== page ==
Here's an interesting way of creating a cavity map with the tension tag.
The key concept or technique is that we are making a copy of our
object and deform it but use the resulting vertex maps on our
undeformed original object. By using a displace deformer which
pushes the polygons in the direction they are facing one can
generate a vertex map which can be used as a cavity map.
With other kind of deformations one can generate interesting
vertex maps with this technique. Try smoothing deformer for example.
As this is without xpresso, one can use very dense meshes for generating
Please keep in mind that this works best with static objects.
By the way, you can apply this technique also for creating
wrinkles like in my "Quick Tip 13: Creating dynamic wrinkles
and creases with the Tension Tag in Cinema 4D" but without
xpresso and therefore faster and with denser meshes.
(The tension tag is explained in the c4d help as follows:
You can use the tension tag to write information in a
vertex map that defines how much stretching or compression
is occurring in each polygon that is being deformed
by one or more deformers.)
This seems to be a common task in the MoGraph world so here's my take on it.
All you have to do is to get straight spline connections from your points/cities on
your earth, subdivide the splines, make them dynamic, make the connecting points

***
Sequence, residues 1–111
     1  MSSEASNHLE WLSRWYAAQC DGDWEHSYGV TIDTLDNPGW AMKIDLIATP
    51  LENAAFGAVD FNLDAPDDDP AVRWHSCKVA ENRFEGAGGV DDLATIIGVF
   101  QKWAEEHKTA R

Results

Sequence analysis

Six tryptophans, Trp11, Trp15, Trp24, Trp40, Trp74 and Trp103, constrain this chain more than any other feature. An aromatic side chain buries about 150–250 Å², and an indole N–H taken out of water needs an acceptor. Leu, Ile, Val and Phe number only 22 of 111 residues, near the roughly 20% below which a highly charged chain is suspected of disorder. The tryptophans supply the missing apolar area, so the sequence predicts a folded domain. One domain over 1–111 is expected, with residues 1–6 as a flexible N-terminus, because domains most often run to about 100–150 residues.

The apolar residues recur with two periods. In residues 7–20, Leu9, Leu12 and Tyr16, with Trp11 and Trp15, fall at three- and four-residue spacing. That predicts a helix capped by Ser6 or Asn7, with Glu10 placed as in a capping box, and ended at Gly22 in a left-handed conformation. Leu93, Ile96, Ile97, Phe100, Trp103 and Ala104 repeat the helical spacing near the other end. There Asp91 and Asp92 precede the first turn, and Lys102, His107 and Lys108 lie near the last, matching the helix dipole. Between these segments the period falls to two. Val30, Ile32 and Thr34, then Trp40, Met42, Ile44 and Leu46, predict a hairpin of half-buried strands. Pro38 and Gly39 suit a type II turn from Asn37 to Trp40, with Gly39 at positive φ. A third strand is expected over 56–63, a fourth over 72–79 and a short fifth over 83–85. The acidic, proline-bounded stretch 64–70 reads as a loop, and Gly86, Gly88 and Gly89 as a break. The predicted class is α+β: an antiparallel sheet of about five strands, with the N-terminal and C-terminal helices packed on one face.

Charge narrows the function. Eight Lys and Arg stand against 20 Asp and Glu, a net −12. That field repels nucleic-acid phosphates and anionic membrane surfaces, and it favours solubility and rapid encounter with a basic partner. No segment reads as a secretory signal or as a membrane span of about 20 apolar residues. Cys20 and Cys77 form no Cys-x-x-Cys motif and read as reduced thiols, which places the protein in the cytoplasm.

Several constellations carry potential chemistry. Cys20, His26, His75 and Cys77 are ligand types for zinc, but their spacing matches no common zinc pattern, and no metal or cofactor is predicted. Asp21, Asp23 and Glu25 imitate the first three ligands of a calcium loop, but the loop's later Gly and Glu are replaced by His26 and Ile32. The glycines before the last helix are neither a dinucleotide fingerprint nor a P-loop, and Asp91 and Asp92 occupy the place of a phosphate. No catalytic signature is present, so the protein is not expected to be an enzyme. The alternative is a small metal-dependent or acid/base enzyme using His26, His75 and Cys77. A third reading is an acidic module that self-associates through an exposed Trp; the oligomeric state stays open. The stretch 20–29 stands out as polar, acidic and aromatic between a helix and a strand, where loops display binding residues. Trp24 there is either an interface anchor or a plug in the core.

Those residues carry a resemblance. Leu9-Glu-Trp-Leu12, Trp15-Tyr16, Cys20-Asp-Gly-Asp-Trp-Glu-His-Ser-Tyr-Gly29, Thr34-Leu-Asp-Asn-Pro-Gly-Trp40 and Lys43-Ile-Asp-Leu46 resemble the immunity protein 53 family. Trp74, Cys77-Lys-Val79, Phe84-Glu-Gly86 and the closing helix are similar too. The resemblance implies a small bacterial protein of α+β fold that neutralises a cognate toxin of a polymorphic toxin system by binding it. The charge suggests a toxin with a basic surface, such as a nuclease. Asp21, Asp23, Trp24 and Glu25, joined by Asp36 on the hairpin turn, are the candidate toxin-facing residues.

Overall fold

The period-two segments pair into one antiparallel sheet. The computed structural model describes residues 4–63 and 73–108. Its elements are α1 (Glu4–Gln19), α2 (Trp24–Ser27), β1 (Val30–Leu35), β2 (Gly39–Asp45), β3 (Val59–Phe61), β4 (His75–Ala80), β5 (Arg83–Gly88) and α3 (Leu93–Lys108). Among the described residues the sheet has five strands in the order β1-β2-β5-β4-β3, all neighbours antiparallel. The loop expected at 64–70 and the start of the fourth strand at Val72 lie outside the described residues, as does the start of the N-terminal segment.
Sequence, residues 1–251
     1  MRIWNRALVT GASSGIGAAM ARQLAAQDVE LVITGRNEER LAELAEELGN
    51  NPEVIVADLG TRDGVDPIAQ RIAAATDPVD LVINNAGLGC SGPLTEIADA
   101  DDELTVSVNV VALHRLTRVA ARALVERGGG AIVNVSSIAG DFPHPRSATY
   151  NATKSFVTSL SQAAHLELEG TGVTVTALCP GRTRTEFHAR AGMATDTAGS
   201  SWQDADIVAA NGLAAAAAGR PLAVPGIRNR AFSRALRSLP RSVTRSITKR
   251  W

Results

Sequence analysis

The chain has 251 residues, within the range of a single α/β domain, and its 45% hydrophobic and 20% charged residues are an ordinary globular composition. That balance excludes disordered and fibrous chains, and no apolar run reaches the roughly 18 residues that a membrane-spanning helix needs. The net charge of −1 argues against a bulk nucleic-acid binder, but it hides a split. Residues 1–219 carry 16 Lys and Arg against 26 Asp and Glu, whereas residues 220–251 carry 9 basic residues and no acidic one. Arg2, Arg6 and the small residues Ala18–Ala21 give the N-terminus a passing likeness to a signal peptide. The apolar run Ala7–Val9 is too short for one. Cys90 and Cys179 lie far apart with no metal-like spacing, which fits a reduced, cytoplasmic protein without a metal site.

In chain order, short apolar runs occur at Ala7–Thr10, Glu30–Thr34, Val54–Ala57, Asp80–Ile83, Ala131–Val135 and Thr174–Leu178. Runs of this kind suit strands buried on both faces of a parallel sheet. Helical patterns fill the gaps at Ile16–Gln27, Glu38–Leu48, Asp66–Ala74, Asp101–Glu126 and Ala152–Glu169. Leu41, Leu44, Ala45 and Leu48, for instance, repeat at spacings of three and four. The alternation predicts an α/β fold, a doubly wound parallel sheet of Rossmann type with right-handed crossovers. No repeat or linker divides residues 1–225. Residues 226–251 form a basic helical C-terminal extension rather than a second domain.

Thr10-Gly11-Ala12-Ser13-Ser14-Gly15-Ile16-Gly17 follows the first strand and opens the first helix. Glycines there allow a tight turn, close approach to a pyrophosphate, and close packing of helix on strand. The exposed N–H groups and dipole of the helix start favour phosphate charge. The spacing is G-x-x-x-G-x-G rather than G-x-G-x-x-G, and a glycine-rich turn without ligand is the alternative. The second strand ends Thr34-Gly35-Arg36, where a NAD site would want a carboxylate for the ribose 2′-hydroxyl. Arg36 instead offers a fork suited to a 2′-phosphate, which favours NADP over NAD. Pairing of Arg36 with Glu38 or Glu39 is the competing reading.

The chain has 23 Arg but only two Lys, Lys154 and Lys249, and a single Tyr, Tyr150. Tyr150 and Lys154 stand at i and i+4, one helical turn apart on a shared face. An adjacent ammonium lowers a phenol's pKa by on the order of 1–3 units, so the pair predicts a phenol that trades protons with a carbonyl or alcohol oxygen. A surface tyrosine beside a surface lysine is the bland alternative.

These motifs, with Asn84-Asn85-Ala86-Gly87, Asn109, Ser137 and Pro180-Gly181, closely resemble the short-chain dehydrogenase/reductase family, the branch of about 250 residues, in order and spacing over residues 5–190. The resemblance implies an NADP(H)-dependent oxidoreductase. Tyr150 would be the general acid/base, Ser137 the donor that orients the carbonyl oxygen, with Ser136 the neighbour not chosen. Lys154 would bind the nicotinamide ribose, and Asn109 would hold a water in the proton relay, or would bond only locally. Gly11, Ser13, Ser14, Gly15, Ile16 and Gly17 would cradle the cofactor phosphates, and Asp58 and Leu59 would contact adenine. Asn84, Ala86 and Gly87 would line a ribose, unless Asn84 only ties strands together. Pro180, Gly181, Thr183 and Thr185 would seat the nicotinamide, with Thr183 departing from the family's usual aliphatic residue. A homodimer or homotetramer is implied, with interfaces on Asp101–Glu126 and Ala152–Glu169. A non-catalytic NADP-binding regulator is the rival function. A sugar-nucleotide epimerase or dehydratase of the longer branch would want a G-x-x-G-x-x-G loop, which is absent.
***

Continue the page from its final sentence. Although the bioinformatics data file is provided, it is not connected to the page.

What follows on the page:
static and use an Attractor Modifier to get them shaped into nice arcs. By the way I
used the awesome and free pConnector plugin from tcastudios to get my connecting
splines. You can grap a copy here: tcastudios.com/?page_id=6
My 50th Quick Tip is not far away. Maybe this time I'll make one with an actual
voice over – let's see. No promises here :)
Following up on my last quick tip, here's a way to colorize polygons with a uv map.
There are a couple of other ways to do this, but with a uv map one stays flexible and there is
no generator object which slows down the scene. In the video you see me taking the square root
of the polygon count and then rounding this number up in order to have a value to be used on a
plane and on the pixel shader. This is a quick way to have approximately the same polygon count
as with the object we want to colorize. By deleting unnecessary polygons and having exactly the
same count we are able to just take uv tag from the plane and drop it onto our object. This technique
works for triangles and for quads. For ngons it unfortunately doesn't :-)
In this tutorial from MoGraphTuts.com, we show you how to create a banner drop style cloth simulation, cache it and back it into a motion system so the banners can be cloned and offset using a step effector.
For more free tutorials visit MographTuts.com
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